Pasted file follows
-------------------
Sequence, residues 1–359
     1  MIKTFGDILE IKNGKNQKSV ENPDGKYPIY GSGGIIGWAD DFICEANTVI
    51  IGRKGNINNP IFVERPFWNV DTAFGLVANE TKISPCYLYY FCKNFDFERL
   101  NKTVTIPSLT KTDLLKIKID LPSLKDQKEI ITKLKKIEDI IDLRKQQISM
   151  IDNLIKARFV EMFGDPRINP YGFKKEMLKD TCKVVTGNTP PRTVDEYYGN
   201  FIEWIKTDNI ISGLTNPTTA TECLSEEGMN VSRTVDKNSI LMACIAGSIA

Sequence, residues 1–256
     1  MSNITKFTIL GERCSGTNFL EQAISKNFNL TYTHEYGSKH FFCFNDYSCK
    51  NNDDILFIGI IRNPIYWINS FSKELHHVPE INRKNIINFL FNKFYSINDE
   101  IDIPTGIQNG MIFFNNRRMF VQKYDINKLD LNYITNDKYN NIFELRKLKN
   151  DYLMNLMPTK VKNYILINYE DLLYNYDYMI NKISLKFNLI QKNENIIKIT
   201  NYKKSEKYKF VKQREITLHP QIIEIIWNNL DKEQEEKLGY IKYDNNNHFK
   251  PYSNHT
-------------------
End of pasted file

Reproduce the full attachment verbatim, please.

Sequence, residues 1–359
     1  MIKTFGDILE IKNGKNQKSV ENPDGKYPIY GSGGIIGWAD DFICEANTVI
    51  IGRKGNINNP IFVERPFWNV DTAFGLVANE TKISPCYLYY FCKNFDFERL
   101  NKTVTIPSLT KTDLLKIKID LPSLKDQKEI ITKLKKIEDI IDLRKQQISM
   151  IDNLIKARFV EMFGDPRINP YGFKKEMLKD TCKVVTGNTP PRTVDEYYGN
   201  FIEWIKTDNI ISGLTNPTTA TECLSEEGMN VSRTVDKNSI LMACIAGSIA

Sequence, residues 1–256
     1  MSNITKFTIL GERCSGTNFL EQAISKNFNL TYTHEYGSKH FFCFNDYSCK
    51  NNDDILFIGI IRNPIYWINS FSKELHHVPE INRKNIINFL FNKFYSINDE
   101  IDIPTGIQNG MIFFNNRRMF VQKYDINKLD LNYITNDKYN NIFELRKLKN
   151  DYLMNLMPTK VKNYILINYE DLLYNYDYMI NKISLKFNLI QKNENIIKIT
   201  NYKKSEKYKF VKQREITLHP QIIEIIWNNL DKEQEEKLGY IKYDNNNHFK
   251  PYSNHT